Via Gatestone Institute

Turkish President Recep Tayyip Erdoğan may have dreamed of an Israel that is internationally isolated, but the world has not quite moved in the direction he wished for. (Photo by Sean Gallup/Getty Images)

Turkey’s Islamist leaders, including President Recep Tayyip Erdoğan, have been pledging to their voters that they would “internationally isolate Israel” ever since they launched a diplomatic war on the Jewish state in 2010.

In a 2011 speech, Turkey’s foreign minister at the time, Ahmet Davutoğlu (later prime minister), said that his country’s Turkey’s policies in the Middle East “have brought Israel to its knees” and isolated the Jewish state both regionally and internationally.

The facts, however, could not have been more distant.

According to official reports, Israel‘s Gross Domestic Product (GDP) rose by a healthy 3.3% in 2018, compared to 1.3% in 2009, while Turkey reported a drop from 8.5% in 2010 to 2.8% in 2018. The unemployment rate in Israel stood at 3.7% in July 2019. Turkey, meanwhile, boasted an unemployment rate of 14.7% in the December-February 2018-2019 period, its highest level in nearly a decade.

While the annualized inflation rate in Israel was a mere 0.5% in July 2019, Turkey‘s annualized inflation rate for the same month was 16.65%.

As a result, Israel enjoys a per capita GDP of $41,000 while Turkey’s GDP per capita is merely $9,300.

Apparently neither Turks nor Israelis took Turkey’s Islamists leaders seriously when they later vowed to isolate Israel. In the period of January-July 2019, Turkey was the main destination for flights from Israel’s Ben Gurion Airport (mostly for connecting flights), leaving international hubs such as America, Britain and France in the dust. In that period, passenger numbers for flights to Turkey soared by 7% to 1.22 million.

Bilateral trade between Turkey and Israel exhibited a similar path, with two-way trade volumes rising sharply from $2.6 billion in 2009 to $5.6 billion in 2018, an increase of 115%. According to Deutsche Welle:

Hatice Karahan, Erdogan’s top economic advisor, told DW that economic relations between the countries represented a “win-win situation” for both: “Turkey exports automobiles, iron, steel, electrical devices and plastic to Israel. And in return, it imports Israeli fuel and oil.”

Erdoğan may have dreamed of an Israel that is internationally isolated. Instead, he has had grudgingly to watch the United States officially move its embassy to Jerusalem. “History,” Erdoğan said, “will judge” the Trump administration’s decision to relocate the U.S. embassy from Tel Aviv to Jerusalem.

When Turkey pledged to isolate Israel internationally, it was still formally a member of a prestigious international consortium that builds the stealth fifth-generation F-35 stealth fighter jet. In July, however, the U.S. removed Turkey from the F-35 joint strike fighter program. After having insisted on deploying the S-400, a Russian-made long-range anti-aircraft and anti-missile defense system, on its soil, Turkey will lose its production work for the F-35 by March 2020. Turkey is the first NATO member state deploying the S-400 architecture, which is not interoperable with NATO weapon systems. The S-400 was designed to shoot down NATO’s aerial assets — including F-35 fighter jets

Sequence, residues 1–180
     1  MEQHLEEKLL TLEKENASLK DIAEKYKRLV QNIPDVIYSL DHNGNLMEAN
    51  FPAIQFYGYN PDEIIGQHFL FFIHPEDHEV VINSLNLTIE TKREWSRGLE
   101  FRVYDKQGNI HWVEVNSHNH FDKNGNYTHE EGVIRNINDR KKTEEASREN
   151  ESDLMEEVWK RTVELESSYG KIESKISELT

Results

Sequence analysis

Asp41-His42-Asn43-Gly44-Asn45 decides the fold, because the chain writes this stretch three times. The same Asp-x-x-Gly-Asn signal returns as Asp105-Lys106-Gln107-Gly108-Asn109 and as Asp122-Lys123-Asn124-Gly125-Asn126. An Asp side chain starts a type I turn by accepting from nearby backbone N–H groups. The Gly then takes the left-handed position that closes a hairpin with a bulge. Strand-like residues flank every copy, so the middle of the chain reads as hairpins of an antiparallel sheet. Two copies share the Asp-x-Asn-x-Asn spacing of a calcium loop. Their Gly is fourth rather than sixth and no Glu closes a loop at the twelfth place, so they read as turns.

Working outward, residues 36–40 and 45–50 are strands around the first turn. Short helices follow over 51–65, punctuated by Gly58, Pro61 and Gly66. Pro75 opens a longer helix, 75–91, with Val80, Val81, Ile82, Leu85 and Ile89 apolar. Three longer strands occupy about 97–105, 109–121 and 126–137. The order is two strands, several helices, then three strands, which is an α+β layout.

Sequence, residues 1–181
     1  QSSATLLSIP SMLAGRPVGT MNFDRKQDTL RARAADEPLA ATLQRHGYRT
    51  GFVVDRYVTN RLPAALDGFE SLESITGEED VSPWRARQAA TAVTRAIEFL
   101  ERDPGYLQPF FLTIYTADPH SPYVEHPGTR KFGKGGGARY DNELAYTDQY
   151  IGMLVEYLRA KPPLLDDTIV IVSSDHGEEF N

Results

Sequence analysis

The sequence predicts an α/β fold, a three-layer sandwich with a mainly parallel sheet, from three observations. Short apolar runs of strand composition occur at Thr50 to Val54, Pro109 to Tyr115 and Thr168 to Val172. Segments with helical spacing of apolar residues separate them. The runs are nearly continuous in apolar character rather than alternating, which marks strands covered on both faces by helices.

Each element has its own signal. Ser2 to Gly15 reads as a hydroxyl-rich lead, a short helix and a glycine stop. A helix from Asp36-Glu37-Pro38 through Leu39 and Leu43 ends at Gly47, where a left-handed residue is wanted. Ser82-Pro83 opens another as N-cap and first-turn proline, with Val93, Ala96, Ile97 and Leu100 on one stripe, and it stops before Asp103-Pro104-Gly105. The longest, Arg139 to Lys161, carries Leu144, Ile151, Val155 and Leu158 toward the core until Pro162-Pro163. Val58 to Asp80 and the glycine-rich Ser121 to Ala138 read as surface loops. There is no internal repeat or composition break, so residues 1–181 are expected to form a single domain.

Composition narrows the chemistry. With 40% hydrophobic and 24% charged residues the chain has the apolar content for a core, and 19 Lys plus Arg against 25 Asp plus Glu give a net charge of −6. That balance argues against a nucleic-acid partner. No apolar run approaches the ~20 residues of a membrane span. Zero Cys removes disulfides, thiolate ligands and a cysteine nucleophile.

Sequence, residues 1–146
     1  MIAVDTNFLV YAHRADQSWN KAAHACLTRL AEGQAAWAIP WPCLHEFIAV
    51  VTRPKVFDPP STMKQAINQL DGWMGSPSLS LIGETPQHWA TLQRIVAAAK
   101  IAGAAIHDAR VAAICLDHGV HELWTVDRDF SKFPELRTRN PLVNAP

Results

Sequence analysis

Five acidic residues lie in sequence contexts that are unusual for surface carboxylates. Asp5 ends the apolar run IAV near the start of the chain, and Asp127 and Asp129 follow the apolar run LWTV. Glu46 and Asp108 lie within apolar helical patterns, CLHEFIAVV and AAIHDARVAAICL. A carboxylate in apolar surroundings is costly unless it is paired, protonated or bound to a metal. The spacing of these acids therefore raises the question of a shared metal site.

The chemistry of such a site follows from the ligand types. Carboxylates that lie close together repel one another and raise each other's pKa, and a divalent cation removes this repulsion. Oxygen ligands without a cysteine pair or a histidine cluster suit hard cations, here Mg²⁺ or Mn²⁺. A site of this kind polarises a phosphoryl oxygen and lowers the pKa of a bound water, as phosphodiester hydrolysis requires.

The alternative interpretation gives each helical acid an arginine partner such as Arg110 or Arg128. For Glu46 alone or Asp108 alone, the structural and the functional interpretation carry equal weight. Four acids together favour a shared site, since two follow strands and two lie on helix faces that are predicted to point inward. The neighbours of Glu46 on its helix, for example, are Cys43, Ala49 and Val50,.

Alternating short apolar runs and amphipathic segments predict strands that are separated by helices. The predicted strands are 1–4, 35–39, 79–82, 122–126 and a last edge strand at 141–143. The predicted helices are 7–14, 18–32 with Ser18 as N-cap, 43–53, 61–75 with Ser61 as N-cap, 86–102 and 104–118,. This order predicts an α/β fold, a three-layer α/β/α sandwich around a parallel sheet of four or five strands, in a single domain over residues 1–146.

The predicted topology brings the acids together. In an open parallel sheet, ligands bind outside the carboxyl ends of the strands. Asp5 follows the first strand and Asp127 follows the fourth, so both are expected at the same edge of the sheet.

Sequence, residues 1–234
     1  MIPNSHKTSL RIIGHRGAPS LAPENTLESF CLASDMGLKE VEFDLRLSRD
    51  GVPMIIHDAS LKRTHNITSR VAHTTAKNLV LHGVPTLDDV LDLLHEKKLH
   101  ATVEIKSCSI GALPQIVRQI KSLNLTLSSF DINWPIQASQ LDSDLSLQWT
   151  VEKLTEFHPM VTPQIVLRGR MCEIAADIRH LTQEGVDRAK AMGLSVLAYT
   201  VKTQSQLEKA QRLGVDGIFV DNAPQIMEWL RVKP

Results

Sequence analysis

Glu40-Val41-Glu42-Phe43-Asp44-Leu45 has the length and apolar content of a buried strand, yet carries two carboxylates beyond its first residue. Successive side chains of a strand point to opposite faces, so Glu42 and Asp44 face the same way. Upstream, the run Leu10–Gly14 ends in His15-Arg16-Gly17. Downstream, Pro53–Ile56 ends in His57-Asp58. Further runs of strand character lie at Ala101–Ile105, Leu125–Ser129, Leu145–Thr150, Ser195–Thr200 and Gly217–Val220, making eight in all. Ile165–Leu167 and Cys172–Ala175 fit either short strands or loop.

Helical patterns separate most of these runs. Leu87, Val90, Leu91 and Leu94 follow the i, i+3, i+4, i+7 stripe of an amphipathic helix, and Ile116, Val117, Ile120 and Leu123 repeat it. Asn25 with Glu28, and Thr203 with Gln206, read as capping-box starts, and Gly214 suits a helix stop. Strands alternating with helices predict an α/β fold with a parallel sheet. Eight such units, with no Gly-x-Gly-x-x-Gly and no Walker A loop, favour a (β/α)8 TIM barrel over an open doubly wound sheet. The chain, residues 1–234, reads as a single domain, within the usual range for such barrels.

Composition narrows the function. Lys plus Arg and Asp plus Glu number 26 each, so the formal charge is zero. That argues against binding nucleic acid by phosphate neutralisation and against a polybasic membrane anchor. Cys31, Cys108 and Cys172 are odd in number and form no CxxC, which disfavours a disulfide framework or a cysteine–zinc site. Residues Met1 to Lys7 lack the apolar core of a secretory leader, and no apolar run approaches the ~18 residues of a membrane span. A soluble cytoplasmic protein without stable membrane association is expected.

Isolation? Israel’s Channel 12 reported that Israeli officials in recent months lobbied the U.S. to drop Turkey from the F-35 program. Meanwhile, Israel remains a recipient of the strategic weapon system.

“Israel has agreed to purchase at least 50 F-35 fighter jets from the US defense contractor Lockheed Martin. So far, 16 aircraft have been delivered, and the remaining planes are slated to arrive batches of twos and threes until 2024.

“Israel is the second country after the US to receive the F-35 from Lockheed Martin and one of the few allowed to modify the state-of-the-art aircraft, known in Israel as the Adir.”

Erdoğan was unjust, wrong and unrealistic in his quest internationally to isolate Israel. The world has not quite moved in the direction he wished for. An analysis by Rice University’s Baker Institute concluded:

“[T]he rapprochement that significant sections of the Israeli military and security establishment have long wanted with the GCC [Gulf Cooperation Council] has taken root since 2011, as the post-Arab Spring landscape has provided the opportunity to deepen unofficial ties in areas of shared concern.”

“It’s almost a revolution in the Middle East,” according to Yuval Steinitz, Israel’s Minister of National Infrastructures, Energy and Water Resources.

Burak Bekdil, one of Turkey’s leading journalists, was recently fired from the country’s most noted newspaper after 29 years, for writing in Gatestone what is taking place in Turkey. He is a Fellow at the Middle East Forum.

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